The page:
Founded in 1930 as the Daily Worker, organ of the Communist Party of Great Britain (CPGB). Since 1945, it has been owned by the People's Press Printing Society. It was renamed the Morning Star in 1966. The paper's editorial stance is in line with Britain's Road to Socialism, the programme of the Communist Party of Britain.
The Daily Worker was fully supportive of the show trials in Hungary, Czechoslovakia and Bulgaria in the late 1940s as well as the split with Tito and Yugoslavia in 1948.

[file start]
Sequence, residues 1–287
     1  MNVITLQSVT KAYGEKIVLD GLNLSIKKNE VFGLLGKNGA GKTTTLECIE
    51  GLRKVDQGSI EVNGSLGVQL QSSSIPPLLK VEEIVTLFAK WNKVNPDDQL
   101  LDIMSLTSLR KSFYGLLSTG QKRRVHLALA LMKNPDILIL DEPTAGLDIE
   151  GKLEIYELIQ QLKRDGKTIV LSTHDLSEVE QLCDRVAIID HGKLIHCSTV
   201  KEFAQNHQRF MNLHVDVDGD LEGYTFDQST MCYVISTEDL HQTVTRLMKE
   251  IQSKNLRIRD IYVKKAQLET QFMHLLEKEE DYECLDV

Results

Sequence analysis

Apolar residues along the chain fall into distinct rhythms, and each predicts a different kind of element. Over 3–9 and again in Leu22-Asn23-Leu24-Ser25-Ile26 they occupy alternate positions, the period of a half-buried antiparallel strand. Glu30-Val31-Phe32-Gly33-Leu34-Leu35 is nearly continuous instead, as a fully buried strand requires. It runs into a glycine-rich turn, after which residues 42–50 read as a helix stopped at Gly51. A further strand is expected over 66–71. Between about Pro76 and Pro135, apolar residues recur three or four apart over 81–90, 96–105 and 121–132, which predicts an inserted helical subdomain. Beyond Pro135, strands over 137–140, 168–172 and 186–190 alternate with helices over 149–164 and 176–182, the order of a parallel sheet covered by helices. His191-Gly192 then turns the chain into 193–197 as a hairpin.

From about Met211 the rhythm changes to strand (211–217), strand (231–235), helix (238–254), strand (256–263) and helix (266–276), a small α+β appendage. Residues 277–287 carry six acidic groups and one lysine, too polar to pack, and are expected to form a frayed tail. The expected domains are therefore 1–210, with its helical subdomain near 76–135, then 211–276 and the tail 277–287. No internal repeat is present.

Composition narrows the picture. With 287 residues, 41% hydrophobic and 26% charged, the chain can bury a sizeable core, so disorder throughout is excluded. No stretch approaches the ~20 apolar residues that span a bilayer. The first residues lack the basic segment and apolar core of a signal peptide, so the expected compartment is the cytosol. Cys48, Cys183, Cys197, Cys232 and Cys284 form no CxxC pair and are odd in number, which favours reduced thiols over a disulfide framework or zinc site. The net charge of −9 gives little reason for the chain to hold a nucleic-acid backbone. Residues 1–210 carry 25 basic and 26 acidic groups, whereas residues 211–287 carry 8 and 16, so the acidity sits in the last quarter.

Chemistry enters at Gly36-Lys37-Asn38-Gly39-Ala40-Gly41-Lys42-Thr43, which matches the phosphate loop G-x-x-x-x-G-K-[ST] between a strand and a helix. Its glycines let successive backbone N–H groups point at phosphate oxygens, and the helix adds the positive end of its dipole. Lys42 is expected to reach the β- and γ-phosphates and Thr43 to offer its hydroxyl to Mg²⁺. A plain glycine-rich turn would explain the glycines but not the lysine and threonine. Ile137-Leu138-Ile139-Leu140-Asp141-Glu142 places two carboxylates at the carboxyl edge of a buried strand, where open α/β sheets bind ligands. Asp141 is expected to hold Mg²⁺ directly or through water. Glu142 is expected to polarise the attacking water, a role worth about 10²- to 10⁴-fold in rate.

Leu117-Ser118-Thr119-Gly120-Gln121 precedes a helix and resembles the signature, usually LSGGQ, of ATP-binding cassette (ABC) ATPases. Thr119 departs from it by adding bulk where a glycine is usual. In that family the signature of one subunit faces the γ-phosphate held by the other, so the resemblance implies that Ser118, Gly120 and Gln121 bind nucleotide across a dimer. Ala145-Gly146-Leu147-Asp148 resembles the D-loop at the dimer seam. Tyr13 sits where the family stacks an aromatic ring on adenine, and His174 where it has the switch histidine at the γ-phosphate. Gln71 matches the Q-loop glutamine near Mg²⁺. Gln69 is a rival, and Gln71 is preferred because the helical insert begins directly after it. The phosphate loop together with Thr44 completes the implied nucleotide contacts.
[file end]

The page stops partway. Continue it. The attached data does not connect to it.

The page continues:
In 1956, the Daily Worker suppressed correspondent Peter Fryer's reports from the Hungarian revolution, which had been favourable to the uprising. The paper denounced the events as a "white terror", invoking the Horthy regime and earlier 1919–1921 period.
By the late 1950s the paper was down to just one sheet of four pages. The last edition of the Daily Worker was published on Saturday 23 April 1966. The first edition of the Morning Star appeared on Monday, 25 April 1966. South African exile Sarah Carneson worked for the paper in the late 1960s.